Eclipse Aviation, the Albuquerque, N.M. company that premiered its Eclipse 500 twinjet in March 2000, said it has secured a launch customer that may make its dreams of solvency a reality.
In an announcement that was intended to be made at the NBAA Convention, Eclipse president and CEO Vern Raburn revealed to AIN that the Nimbus Group, an air-taxi startup that has emerged from the ashes of a failed retail auction dot-com firm, has placed an order for 1,000 of the six-place jets and has committed to make an equity investment in Eclipse Aviation. Although specific details were not disclosed, an Eclipse spokeswoman said the amount of Nimbus’ participation was “not even close to a majority.”
“Today, Eclipse Aviation and Nimbus are one step closer to providing people with an alternative to scheduled air transportation services,” Raburn said. “With this fleet order, our vision of an air-taxi service will become a reality. We at Eclipse could not be happier.”
Under terms of the agreement, Eclipse will deliver aircraft to Nimbus over a five-year period beginning in 2004, creating what Raburn said is a time-to-market advantage for Nimbus to provide for aggressive and rapid expansion of its fleet.
Nimbus is the new name of TakeToAuction.com, a publicly held company that was founded by Russian dot-com and perfume entrepreneur Ilia Leckach and refocused to enter the air-taxi market in North and South America. The name change was completed last month after the company’s stock price had fallen to just pennies per share on the Amex.
“Eclipse is creating an aircraft that, for the first time ever, will offer characteristics, acquisition and direct operating costs low enough to enable the creation of an affordable, personal air-taxi service,” Leckach said.
The aircraft was conceived after engine manufacturer Williams International developed a small, efficient, low-cost turbofan–the 770-lb-thrust EJ22–in an R&D program with NASA. Eclipse entered into a cooperative agreement with Williams to file simultaneous type certificate applications for both the airframe and the powerplant, effectively giving the Walled Lake, Mich. engine maker responsibility for airframe as well as powerplant development.
On July 1, Eclipse brought the airframe program back to New Mexico, but Raburn pointed out that it was a move that had been included in the agreement with Williams and planned for some time. The transition, together with a funding shortfall, set back the anticipated first flight date about 30 days to next July, and projected certification back six months to December 2003.
Before the Nimbus sale, the first 160 delivery positions–which Eclipse said were sold on the first day the aircraft was offered–were secured with $155,000 escrow deposits at the selling price of $837,500, with the guarantee that if the Eclipse 500 is not certified by June 2004, the deposits are refundable.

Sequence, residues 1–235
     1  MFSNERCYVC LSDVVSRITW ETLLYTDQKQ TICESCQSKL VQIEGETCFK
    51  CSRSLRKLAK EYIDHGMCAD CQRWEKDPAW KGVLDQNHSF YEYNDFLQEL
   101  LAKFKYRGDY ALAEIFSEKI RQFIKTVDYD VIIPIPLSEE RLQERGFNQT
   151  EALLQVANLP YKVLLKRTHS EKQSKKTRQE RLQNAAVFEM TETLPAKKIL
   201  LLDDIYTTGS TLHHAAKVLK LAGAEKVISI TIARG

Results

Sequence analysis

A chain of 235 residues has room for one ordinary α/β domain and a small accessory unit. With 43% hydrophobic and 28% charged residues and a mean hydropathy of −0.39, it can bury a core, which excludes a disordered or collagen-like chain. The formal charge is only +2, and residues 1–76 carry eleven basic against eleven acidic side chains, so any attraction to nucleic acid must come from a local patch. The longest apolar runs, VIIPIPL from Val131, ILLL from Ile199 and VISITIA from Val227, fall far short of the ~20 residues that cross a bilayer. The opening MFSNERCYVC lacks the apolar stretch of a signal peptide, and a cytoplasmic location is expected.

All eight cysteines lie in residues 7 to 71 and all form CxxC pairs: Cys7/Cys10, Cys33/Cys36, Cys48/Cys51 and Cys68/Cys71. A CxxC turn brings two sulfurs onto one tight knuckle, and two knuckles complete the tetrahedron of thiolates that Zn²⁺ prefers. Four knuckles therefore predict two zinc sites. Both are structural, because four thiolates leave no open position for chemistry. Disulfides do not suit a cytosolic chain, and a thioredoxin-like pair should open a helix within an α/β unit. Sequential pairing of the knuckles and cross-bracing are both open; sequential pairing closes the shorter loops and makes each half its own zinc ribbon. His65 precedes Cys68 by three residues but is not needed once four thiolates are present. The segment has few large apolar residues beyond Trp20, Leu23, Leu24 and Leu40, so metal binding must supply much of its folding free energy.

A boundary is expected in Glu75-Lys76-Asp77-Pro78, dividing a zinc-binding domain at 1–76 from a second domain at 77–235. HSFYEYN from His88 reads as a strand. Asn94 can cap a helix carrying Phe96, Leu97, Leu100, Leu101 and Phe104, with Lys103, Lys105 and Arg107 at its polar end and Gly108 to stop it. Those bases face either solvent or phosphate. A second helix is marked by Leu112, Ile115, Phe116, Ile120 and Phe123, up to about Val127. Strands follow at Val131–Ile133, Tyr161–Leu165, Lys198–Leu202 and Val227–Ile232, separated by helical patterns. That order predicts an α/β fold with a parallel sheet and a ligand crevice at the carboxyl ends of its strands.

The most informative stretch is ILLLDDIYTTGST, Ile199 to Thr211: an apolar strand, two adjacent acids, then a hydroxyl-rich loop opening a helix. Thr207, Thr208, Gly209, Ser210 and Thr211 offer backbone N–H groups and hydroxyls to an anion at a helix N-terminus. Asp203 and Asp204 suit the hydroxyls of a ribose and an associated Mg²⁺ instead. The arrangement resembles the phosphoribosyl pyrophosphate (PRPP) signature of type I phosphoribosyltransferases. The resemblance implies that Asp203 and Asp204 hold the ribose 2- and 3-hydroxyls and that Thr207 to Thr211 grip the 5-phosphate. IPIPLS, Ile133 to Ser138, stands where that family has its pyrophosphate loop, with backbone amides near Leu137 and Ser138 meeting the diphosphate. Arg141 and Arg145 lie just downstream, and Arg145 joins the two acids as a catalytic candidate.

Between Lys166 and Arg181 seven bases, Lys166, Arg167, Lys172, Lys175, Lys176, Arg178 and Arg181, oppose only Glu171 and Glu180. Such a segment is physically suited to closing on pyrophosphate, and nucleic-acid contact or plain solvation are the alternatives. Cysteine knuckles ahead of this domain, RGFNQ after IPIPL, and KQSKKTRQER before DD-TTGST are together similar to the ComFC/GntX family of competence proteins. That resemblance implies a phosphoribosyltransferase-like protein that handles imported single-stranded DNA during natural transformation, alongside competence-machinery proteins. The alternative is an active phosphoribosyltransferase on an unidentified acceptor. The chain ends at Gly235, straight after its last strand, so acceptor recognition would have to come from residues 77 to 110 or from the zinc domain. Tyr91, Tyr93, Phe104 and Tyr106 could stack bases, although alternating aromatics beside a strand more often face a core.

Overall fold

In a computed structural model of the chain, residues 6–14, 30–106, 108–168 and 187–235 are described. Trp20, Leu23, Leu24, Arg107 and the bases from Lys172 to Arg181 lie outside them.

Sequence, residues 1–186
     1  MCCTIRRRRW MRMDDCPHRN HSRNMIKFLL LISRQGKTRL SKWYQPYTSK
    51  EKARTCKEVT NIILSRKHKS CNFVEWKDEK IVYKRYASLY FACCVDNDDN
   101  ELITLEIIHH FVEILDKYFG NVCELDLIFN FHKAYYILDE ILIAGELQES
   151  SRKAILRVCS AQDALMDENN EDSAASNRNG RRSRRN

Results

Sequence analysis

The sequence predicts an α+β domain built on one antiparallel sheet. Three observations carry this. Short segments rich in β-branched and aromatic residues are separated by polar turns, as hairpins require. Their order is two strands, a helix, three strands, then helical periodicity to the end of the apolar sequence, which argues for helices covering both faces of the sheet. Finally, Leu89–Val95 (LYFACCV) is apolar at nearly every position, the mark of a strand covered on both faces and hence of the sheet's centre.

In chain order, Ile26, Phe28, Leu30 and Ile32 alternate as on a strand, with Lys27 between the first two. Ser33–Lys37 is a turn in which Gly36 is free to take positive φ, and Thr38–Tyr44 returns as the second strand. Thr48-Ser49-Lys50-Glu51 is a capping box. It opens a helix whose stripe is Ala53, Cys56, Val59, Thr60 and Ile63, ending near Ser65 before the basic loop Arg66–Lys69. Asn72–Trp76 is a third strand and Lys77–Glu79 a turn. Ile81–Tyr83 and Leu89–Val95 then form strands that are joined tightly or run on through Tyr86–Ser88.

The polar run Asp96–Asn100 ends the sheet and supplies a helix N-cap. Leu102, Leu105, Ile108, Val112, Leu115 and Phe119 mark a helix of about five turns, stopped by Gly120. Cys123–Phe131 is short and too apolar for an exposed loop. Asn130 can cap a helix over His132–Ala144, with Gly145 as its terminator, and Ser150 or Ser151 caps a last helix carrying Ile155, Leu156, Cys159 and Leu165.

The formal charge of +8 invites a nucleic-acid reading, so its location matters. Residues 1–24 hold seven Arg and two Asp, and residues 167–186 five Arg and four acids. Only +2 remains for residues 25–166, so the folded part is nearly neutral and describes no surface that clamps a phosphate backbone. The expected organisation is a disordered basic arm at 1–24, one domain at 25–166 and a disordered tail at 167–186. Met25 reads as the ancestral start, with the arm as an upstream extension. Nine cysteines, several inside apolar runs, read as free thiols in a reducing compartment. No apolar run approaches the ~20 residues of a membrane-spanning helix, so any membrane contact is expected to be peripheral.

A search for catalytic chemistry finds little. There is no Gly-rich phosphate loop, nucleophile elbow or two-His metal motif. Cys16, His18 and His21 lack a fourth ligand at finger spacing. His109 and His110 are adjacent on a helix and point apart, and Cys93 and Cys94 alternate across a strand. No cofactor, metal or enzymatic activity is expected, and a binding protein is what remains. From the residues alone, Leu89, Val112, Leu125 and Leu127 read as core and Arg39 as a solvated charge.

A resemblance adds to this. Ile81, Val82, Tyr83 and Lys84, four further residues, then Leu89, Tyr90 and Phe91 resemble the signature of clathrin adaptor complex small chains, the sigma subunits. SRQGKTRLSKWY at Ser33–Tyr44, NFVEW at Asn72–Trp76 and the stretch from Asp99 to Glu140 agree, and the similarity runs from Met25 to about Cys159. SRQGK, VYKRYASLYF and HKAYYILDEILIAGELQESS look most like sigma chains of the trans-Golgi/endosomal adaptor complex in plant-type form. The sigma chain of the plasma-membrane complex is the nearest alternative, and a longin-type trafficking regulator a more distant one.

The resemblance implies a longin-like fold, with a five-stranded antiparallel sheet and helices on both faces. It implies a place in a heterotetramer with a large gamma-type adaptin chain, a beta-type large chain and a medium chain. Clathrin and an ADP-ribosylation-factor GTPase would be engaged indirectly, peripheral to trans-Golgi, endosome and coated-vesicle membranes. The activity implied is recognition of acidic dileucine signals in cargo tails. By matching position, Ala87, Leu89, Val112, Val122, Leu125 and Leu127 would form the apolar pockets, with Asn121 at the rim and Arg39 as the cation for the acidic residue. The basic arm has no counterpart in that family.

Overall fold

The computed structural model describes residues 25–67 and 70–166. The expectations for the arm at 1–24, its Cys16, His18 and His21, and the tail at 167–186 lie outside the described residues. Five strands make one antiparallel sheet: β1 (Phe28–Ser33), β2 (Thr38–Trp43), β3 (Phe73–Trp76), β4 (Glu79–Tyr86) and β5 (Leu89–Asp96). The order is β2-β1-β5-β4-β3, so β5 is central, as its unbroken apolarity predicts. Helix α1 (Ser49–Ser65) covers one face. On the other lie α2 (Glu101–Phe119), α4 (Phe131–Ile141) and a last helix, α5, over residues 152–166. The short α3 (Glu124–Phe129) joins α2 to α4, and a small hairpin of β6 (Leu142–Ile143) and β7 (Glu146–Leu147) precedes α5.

First Metal Cut
Metalcraft Technologies, Inc. cut metal early in September in Cedar City, Utah, for assemblies to be used in the production-conforming first flight aircraft.
“First metal cutting marks a very exciting and significant milestone in the production of the Eclipse 500,” explained Raburn. “After more than three years of hard work and dedication, we have entered into the production phase of the development program. We are now seeing our design become a reality.”
The first piece formed was an aluminum frame for the lower cabin assembly that will later be attached to the aluminum skin of the aircraft using Eclipse’s innovative friction-stir welding process. While FSW is used to bond metals on many other aluminum products, this would mark the first time it will be employed on production aircraft assemblies.
Metalcraft will provide Eclipse with numerous production conforming components for the fuselage, including the windshield frame, right and left lower cabin assemblies and nose parts.
Eclipse currently employs about 170 people in Albuquerque, with employment
expected to increase to a total of 200 by year’s end.
Three men who will work solely on FAA certification have recently joined the staff: airworthiness coordinator Randy Griffith, chief test pilot William Bubb and quality assurance engineering director Tom Gray.
Griffith was with the FAA Small Aircraft Directorate in Kansas City where he worked with the development of TC regulations. Bubb has 20 years of flight test background with Piper, Pilatus and Raytheon, and will develop certification flight test activity, and Gray formerly worked with Raytheon as quality assurance engineering group manager for the Hawker Horizon.
“Randy, Bill and Tom bring with them years of invaluable experience in the areas of quality assurance, flight test and FAA certification protocols,” said Dr. Oliver Masefield, Eclipse vice president of engineering.